Additional clarifications on the aircraft ban for lithium ion batteries

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Several readers emailed me with questions about the new regulations for carrying lithium ion batteries on airplanes. Here is a good recap on this topic:

Passenger baggage:
1. Lithium ion batteries carried by passengers in their personal electronic devices, whether in their carry-on or checked baggage, are not affected by this new restriction.
2. Passengers must not pack spare lithium ion batteries in checked baggage. Spares must be packed incarry-on baggage or carried on the person.
Baggage shipped by air as cargo:
3. Lithium ion batteries may no longer be packed in baggage shipped independently as cargo.
4. Lithium ion batteries in mishandled baggage, or excess passenger baggage shipped as cargo, are permitted so long as they also satisfy the requirements of points 1 and 2 above.
Global versus local government and airline requirements:
5. Passengers should verify local government and airline regulations which are set out in order to ensure full compliance with all applicable requirements specific to their voyage.
6. The new prohibition is not voluntary and must be adhered to by all 191 State parties to the Convention on International Civil Aviation (Chicago Convention).

More information on this topic:

The international regulations applicable to air shipments of lithium batteries have changed. The International Civil Aviation Organization (ICAO) has approved amendments to the lithium battery provisions in the ICAO Technical Instructions. Compliance with the new regulations is mandatory effective April 1, 2016. These amendments include:

Passenger Aircraft Ban for Lithium Ion Batteries: All shipments of lithium batteries without equipment are prohibited as cargo on passenger aircraft. As a result, all lithium ion battery shipments must display the Cargo Aircraft Only label. Due to UPS's reliance on passenger aircraft to transport packages in some parts of its network, this change will restrict the origins and destinations available for lithium ion batteries. This limitation does not affect lithium ion batteries packed with or contained in equipment.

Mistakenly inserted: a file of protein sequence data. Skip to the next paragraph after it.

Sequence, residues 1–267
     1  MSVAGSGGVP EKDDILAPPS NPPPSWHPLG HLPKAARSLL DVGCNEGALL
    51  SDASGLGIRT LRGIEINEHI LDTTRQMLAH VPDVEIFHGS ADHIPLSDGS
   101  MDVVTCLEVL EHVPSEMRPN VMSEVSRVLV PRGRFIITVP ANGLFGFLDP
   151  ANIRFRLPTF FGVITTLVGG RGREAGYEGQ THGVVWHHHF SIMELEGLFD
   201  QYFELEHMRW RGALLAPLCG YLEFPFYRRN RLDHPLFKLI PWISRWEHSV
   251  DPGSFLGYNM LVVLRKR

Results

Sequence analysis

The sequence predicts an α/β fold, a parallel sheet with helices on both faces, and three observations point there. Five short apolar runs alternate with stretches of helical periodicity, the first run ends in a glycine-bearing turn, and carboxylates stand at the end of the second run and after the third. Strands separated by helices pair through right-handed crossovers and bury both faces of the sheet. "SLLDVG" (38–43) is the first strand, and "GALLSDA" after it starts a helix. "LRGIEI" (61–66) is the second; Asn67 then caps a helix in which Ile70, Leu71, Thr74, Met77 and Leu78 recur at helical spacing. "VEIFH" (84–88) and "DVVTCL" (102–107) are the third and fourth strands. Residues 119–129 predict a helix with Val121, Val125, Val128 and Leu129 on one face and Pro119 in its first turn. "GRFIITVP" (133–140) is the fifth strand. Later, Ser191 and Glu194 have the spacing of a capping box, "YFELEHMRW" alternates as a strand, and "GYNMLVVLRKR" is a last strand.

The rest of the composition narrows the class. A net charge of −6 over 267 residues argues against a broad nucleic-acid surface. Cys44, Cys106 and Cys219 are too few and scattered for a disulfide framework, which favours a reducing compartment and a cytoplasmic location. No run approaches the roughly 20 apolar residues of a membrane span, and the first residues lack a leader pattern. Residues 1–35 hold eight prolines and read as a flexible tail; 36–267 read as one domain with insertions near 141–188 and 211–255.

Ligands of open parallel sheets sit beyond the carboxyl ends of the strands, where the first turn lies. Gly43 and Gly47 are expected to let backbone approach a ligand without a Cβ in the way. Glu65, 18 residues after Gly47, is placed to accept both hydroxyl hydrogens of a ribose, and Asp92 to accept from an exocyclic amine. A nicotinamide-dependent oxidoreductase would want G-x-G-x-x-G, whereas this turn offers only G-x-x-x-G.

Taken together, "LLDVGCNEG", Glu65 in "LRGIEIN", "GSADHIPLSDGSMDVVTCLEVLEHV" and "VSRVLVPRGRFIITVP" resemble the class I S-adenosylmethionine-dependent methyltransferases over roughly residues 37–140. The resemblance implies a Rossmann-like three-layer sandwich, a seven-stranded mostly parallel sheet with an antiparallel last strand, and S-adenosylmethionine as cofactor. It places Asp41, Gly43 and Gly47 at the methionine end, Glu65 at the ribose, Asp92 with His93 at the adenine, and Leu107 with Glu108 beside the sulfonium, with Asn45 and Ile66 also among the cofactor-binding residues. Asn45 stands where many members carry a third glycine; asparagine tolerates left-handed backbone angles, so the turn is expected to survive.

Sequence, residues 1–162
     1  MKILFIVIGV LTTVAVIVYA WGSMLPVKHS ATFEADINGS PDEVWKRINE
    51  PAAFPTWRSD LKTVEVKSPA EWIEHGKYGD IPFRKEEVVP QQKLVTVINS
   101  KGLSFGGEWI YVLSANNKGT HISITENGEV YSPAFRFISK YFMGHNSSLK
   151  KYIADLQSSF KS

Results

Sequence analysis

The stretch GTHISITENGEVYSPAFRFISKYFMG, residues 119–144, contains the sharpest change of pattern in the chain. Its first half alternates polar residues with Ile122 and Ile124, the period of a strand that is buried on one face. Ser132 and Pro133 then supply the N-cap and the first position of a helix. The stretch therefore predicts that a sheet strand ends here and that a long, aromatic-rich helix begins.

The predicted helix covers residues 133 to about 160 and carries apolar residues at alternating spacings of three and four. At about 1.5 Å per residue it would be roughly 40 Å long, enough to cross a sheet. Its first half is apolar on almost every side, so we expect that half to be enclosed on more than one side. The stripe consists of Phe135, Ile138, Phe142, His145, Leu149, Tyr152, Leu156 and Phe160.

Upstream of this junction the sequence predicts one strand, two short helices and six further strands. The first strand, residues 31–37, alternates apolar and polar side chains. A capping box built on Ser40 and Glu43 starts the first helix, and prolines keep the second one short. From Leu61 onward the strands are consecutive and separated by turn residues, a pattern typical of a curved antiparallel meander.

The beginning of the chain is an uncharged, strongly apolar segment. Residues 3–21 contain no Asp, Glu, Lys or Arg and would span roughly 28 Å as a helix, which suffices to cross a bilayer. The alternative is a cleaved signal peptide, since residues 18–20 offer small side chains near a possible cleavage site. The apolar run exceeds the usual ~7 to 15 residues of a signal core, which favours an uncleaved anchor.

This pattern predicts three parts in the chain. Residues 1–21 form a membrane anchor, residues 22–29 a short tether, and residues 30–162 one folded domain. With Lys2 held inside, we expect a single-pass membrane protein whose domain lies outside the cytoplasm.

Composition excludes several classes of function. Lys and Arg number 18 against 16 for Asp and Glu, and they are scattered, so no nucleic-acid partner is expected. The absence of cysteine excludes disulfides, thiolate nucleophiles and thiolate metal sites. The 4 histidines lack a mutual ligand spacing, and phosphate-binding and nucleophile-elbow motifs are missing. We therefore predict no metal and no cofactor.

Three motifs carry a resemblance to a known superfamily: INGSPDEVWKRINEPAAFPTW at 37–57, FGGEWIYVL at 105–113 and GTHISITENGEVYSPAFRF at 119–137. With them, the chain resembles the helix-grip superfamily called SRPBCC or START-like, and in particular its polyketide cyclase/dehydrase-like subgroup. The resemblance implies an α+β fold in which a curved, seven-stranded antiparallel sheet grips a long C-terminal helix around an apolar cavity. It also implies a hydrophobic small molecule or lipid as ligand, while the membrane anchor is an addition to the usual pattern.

State of Charge Limits: A 30 percent state of charge (SOC) limit on lithium-ion cells and batteries, including Section II cells and batteries, will now apply. This does not apply to batteries packed with or contained in equipment.

Restrictions on Package Quantity: A shipper is not allowed to offer more than one Section II package (batteries only) per consignment.

Restrictions on Overpacks: Overpacks may contain no more than one Section II package - 8 cells or 2 batteries - (batteries only).

Battery Package Separation: A shipper must offer lithium battery shipments (batteries only) separately from other cargo.

These amendments are detailed in a lithium battery update document found on the International Air Transport Association (IATA) website:http://www.iata.org/whatwedo/cargo/dgr/Documents/lithium-battery-update.pdf.

For additional information regarding the shipment of lithium batteries, please contact the UPS Hazardous Materials Support Center at 1-800-554-9964.

Via ICAO, IATA

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  • WillMondy

    Thanks for the info

    I might be flying next month on a photography trip (family holiday!) and I dont want to get caught out

  • Oberoth

    Thanks, good to know.

  • A much better article on this by Thom Hogan:
    http://www.dslrbodies.com/newsviews/the-real-lithium-story.html

    • I like my post better and I was first to publish it 🙂

  • Eric Calabros

    No problem for sub 100Wh packs. Otherwise would be Armageddon for mirrorless crowd 🙂

  • Musouka

    Japan Post is continuously harassing me about packages shipped inside the country by truck. They won’t ship packages with standalone batteries. All batteries should be inside the piece of equipment shipped. Good thing they are just taking my word for it.

  • photomanayu

    Does that mean when eBay shopping for spare batteries, packages will disappear on its own?

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